Nonetheless, many students interpreted the letter as a personal attack on Kim. “It seemed very anti-Thomas, and it was not meant to be at any point an anti-Thomas letter,” junior Aaron Steelquist said, the other ASPLU presidential candidate.

Copies of The Daily Flyer began disappearing from the AUC Monday afternoon, and by evening there were no visible copies left.

“I think that people with opinions on either side of the table could have easily gotten frustrated and removed them, or … people wanted to keep The Daily Flyer for themselves. Either way, it is defacing PLU property, and it is a conduct issue,” Jacobs said, emphasizing that each Flyer contains advertisement revenue, and to throw away ads is to deface PLU property. “ASPLU is willing to take action,” he said.

“It’s great to see students passionate about issues, but when the dialogue about issues starts to become destructive instead of constructive we need to look at how we’re framing the issue,” Steelquist said. “In some instances, this did become a destructive conversation.” Steelquist said he had no part in writing the letter, and he did not sign it.

ASPLU published another letter in The Daily Flyer on Tuesday, clarifying ASPLU as an organization did not endorse or support either candidate, and that individuals from ASPLU who signed the letter were representing themselves or their individual positions within ASPLU and not the organization as a whole.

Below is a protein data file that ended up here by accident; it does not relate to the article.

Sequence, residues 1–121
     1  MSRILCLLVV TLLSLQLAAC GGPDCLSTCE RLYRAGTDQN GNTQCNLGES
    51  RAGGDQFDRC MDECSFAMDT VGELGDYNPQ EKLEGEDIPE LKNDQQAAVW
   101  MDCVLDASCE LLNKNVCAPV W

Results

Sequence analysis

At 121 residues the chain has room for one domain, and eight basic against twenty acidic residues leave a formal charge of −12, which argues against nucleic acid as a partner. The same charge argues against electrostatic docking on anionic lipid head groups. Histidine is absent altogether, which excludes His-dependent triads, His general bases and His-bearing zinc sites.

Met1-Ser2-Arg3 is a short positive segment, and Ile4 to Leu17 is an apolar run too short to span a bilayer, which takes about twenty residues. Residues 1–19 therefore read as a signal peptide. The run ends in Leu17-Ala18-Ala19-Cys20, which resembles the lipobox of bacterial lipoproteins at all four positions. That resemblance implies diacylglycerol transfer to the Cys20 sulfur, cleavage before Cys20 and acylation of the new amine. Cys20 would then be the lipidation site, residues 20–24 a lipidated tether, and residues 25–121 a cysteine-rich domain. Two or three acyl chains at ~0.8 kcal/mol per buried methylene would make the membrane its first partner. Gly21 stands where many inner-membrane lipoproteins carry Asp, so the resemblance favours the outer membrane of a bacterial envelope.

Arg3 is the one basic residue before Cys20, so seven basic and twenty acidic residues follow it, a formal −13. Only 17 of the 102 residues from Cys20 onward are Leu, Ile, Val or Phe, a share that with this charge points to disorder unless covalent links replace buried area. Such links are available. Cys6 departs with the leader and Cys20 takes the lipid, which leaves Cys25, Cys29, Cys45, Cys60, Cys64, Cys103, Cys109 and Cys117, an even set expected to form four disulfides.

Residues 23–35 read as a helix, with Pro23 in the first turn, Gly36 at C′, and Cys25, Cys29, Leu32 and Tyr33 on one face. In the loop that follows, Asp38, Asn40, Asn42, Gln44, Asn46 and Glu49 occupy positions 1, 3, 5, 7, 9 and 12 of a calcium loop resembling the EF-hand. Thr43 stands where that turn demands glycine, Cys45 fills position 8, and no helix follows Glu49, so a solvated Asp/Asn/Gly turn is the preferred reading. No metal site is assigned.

ASPLU asked Jacobs to remove his title from his signature on the letter as it was not within his job at Impact to be involved in this, and Jacobs complied with the request. However, both the ASPLU Diversity director and a senator kept their titles as ASPLU had said was acceptable.

Associate Director of Student Conduct Ray Lader sent out an e-mail on Tuesday saying the letter did not violate the Student Code of Conduct, and that the only disciplinary action he thought might be necessary was if individual organizations did not want students signing the letter in their official capacities in the organization.

“The Daily Flyer is an open platform, an open medium for advertisement,” Jacobs said. “They [QASU members] were willing to pay for the ad space, so that opens the door for them to publish in The Daily Flyer.”